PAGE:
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The Right Thing
The House of Lords is the strangest institution. It really is.
If you hadn’t already known that, it was laid bare in the BBC’s fly-on-the-wall documentary which showed a world of archaic custom and privilege. It was jokingly described by one Liberal Democrat peer as “the best day care centre for the elderly in London” and much of the BBC footage seemed to put flesh on the bones of that one-liner. There are peers who regularly turn up at the House of Lords who haven’t spoken in the chamber for decades and those that do turn up have sometimes been found to be nodding off on the plush red benches. Personally, I quite like some of the quaint eccentricity, but even the most ardent traditionalist would agree that this institution needs radical reform.
But I certainly wouldn’t abolish it as many have suggested over the years.
The purpose of the second chamber of Parliament is to hold the greasy-pole politicians in the commons to account and scrutinise laws to make sure they are fit for purpose. And in recent years we have seen an awful lot of laws that haven’t been fully thought through knocked into shape by the Lords. Although there are legions of peers who do little, there is a core of hardworking Lords and Ladies who really work their ermine socks off. And every so often when the Commons has reverted to tribal posturing, the Lords have something more interesting to say.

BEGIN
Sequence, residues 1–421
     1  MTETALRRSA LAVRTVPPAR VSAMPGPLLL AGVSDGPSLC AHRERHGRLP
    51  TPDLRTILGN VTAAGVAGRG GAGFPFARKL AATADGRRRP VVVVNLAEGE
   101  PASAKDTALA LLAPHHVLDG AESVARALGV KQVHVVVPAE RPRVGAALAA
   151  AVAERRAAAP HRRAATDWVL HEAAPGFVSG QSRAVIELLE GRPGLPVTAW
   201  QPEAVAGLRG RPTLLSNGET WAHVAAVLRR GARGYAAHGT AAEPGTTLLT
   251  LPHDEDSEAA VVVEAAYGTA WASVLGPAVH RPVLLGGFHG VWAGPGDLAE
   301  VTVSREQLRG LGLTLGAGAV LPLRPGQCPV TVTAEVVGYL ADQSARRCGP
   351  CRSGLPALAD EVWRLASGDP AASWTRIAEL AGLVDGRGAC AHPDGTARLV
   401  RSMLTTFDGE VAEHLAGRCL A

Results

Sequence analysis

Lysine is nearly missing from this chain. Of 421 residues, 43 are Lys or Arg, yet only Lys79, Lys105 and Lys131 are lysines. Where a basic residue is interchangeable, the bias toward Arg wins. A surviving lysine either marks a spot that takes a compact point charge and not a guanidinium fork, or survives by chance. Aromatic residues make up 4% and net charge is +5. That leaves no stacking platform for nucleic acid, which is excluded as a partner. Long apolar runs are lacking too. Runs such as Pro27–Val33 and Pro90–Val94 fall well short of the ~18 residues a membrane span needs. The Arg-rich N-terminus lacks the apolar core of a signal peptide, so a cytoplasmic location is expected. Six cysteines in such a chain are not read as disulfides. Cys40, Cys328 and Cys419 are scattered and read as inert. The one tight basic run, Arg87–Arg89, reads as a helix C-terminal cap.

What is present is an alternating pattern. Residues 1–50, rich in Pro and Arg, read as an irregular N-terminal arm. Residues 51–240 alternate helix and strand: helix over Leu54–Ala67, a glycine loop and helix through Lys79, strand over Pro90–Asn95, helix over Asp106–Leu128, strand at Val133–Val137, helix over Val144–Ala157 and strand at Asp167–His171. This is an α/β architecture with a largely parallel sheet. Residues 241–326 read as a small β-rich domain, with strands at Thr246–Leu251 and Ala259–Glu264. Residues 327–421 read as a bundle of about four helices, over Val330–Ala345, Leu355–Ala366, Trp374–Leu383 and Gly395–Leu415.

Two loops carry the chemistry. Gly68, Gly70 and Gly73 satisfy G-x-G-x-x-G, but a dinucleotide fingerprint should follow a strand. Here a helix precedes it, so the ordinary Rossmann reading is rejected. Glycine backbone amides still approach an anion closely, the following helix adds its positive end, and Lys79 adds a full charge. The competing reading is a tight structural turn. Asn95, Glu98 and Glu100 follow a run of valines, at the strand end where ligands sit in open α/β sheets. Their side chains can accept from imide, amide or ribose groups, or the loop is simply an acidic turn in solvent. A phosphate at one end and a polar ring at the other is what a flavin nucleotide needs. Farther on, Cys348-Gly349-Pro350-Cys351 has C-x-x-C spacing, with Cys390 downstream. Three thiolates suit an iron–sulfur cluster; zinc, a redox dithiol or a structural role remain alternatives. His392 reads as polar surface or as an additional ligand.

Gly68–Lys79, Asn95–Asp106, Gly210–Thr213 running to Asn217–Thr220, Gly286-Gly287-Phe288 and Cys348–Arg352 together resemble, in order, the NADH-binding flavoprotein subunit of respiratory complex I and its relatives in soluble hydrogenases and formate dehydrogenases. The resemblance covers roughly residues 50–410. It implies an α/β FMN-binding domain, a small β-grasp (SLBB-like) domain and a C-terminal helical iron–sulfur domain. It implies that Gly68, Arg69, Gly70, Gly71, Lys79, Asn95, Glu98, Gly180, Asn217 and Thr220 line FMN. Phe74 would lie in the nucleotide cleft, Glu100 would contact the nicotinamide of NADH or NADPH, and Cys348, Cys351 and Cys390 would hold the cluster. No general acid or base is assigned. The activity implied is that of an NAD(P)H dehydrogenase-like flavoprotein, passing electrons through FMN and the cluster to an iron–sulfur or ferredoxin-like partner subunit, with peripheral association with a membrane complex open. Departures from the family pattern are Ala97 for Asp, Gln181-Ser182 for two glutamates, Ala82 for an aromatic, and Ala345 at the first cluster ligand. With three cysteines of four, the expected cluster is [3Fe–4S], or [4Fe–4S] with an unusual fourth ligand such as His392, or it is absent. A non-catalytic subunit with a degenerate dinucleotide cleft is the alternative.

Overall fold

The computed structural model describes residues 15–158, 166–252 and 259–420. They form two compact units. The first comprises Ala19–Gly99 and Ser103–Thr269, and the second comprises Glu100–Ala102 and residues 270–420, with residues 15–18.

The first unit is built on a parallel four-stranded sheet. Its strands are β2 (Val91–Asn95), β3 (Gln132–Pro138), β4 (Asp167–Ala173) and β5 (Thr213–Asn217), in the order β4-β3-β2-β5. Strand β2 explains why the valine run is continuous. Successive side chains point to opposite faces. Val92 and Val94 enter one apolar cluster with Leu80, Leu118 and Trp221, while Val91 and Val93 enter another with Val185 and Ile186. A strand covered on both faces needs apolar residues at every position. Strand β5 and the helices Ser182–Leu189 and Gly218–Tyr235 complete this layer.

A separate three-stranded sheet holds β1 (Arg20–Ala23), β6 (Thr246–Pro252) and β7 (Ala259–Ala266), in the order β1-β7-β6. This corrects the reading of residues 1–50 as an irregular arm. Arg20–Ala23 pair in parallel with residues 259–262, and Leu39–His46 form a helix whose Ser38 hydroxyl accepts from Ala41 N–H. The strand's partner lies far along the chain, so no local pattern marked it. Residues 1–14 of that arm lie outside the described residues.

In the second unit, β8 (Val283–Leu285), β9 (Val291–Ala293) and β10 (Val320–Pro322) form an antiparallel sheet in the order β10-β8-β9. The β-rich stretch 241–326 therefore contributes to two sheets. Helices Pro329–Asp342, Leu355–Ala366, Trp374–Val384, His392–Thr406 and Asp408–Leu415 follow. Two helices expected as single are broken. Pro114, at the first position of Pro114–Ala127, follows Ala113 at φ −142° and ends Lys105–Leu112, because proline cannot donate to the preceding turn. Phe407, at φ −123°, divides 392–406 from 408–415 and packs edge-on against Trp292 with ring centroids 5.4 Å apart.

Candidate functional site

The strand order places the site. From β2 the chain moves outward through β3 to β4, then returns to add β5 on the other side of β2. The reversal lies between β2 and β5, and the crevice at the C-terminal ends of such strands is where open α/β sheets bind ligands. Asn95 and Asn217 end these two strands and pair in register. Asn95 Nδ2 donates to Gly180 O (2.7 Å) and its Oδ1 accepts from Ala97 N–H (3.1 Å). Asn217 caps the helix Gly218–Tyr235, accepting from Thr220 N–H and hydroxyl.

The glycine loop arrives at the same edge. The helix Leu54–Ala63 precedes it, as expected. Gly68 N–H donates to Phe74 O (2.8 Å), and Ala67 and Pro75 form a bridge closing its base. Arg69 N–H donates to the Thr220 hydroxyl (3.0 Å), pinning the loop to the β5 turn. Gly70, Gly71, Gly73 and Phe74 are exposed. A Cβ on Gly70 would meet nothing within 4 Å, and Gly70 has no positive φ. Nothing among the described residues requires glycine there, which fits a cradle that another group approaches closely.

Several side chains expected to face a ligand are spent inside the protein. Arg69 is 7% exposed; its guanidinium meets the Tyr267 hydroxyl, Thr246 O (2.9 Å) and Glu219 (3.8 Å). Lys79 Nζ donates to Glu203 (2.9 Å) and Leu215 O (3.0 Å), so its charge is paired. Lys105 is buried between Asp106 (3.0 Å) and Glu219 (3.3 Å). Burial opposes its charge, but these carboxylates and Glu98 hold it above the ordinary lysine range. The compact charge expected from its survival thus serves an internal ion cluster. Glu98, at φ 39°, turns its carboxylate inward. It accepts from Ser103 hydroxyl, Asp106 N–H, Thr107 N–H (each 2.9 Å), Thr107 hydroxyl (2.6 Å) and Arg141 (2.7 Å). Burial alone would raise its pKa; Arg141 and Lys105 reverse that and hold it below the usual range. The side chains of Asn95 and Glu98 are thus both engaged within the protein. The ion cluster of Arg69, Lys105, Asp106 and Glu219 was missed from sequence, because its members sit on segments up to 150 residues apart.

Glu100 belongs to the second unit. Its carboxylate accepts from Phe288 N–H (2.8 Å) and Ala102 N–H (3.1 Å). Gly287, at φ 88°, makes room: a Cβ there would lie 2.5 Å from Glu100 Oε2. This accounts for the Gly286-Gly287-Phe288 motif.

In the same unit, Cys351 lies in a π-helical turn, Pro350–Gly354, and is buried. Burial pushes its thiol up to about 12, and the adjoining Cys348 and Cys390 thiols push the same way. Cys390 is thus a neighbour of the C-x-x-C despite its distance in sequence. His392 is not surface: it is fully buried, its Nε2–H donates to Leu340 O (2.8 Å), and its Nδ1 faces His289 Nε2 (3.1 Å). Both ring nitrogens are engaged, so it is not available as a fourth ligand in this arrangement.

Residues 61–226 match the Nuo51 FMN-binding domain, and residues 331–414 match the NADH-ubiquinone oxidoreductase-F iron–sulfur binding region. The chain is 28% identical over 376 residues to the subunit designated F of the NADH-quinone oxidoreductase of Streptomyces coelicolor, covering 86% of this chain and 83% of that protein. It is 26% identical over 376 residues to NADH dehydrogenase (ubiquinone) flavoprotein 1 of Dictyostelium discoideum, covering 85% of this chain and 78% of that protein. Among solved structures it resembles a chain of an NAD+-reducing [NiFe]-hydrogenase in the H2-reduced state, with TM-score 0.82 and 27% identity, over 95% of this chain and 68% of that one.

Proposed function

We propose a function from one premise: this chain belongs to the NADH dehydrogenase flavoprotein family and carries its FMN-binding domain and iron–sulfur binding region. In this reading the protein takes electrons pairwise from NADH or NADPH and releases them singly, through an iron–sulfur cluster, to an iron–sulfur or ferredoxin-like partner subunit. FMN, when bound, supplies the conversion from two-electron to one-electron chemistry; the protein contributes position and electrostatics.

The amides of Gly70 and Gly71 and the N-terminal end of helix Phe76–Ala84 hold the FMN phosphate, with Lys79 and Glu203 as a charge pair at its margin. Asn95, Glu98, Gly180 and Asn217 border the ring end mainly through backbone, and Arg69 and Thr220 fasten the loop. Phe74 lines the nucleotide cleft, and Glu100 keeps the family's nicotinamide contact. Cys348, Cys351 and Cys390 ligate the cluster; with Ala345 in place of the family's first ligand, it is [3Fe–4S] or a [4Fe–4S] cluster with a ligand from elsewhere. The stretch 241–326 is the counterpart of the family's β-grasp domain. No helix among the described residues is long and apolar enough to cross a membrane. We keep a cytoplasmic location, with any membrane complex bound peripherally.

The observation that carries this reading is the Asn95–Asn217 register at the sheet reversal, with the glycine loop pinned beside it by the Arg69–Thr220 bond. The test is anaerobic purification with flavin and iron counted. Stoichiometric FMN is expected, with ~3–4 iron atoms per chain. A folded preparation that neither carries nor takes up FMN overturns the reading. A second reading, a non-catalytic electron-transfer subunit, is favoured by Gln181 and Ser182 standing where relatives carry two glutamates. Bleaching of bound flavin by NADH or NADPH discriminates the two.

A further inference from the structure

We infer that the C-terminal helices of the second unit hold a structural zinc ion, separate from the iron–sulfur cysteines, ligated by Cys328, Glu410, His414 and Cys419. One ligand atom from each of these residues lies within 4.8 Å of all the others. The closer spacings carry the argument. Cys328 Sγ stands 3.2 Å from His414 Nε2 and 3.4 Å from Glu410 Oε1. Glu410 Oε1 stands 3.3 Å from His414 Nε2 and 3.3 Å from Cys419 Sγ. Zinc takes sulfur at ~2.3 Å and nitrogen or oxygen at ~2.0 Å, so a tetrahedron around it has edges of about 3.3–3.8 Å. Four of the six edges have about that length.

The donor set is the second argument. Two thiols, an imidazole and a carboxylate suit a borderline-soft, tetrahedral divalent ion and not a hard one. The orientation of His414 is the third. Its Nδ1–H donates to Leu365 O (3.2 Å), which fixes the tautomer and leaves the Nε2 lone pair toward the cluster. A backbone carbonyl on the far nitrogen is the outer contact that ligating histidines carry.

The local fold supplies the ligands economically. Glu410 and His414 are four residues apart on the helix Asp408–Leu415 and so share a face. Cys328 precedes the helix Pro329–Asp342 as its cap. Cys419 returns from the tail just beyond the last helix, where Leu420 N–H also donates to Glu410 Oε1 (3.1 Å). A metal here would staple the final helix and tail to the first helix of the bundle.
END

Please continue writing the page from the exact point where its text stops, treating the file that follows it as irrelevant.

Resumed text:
As in the case of migrant workers and the Brexit bill.
The Lords sought to push through an amendment to the Brexit bill which would guarantee the right of EU citizens already resident in the UK ahead of the Great Horse Trade that the Government will now embark upon with Brussels. The Government were content to leave it all in the air, and not “declare their hand” before sitting down to negotiate with their EU counterparts. The Lords thought it was far fairer to remove this doubt for people already living here in the UK.
Without going into the pros and cons of immigration, the importance of foreign-born workers in our economy is self-evident. The health service is heavily dependent on migrants, from hospital porters to consultants. As a boy brought up in the fruit and vegetable food picking and processing heartlands of East Anglia I can vouch for the necessity of the Eastern Europeans that come and work in our fields. And here in Bath so many foreign nationals are the backbone of the tourist industry that this city relies upon. As I heard recently; “Bloomin’ Foreigners! Coming over here and giving us decent customer service…!”
As ever, it’s more complex than it first appears. If they adopted the Lords amendment the Government would immediately have to define what “already working in the UK” meant (five years, five months, five weeks, five minutes?) and who was welcome or not (criminals, benefit claimants, family members?). Tricky choices. I’m glad we leave this stuff to politicians.
However this ends up (and the Government don’t seem to be up for changing their stance), I doff my hat to the Lords for seeking to do what they considered to be the right thing. Sometimes the right thing is inconvenient, expensive or requires some loss of face, but doing the right thing is ….well, the right thing!